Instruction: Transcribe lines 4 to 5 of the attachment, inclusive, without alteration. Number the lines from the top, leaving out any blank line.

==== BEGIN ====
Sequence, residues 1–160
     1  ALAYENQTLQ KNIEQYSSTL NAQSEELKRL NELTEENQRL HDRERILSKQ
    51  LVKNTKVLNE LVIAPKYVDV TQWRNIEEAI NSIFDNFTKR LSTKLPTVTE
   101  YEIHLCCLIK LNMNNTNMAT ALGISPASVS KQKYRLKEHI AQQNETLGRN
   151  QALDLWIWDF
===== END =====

   101  YEIHLCCLIK LNMNNTNMAT ALGISPASVS KQKYRLKEHI AQQNETLGRN
   151  QALDLWIWDF